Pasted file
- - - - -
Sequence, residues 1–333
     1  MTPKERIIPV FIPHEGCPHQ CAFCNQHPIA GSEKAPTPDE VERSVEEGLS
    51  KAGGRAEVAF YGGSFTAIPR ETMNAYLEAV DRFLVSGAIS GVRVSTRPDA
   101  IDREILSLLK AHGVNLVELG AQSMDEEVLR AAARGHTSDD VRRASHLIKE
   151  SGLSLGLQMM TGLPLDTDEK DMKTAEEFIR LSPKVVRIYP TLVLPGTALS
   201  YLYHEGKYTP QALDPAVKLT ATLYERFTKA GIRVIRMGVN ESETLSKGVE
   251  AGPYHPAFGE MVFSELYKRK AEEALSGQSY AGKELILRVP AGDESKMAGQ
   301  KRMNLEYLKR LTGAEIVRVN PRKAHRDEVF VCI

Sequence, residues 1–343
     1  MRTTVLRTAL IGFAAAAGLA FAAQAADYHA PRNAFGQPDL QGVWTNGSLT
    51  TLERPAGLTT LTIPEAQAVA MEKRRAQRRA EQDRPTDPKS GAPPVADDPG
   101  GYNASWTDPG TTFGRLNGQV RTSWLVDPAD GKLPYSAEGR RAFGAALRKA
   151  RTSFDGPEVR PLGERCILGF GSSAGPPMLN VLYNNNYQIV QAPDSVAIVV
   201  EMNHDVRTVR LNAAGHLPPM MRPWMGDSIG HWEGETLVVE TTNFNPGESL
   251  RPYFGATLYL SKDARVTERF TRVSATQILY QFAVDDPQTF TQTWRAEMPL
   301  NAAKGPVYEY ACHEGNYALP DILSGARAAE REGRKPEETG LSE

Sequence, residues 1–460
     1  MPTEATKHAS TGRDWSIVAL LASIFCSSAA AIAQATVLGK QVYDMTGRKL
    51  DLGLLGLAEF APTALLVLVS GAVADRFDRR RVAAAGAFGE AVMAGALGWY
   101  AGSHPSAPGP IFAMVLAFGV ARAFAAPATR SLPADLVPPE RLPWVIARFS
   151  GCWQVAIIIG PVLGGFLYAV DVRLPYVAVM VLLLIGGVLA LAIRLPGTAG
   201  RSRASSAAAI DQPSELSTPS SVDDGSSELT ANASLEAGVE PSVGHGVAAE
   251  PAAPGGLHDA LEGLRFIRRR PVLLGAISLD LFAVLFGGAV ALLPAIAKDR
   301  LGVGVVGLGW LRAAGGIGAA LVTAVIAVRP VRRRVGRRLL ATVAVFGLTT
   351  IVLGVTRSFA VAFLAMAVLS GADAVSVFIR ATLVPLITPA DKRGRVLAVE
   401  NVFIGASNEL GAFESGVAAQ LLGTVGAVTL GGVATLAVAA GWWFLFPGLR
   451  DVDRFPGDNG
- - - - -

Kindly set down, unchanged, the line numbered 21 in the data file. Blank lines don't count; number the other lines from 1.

   151  GCWQVAIIIG PVLGGFLYAV DVRLPYVAVM VLLLIGGVLA LAIRLPGTAG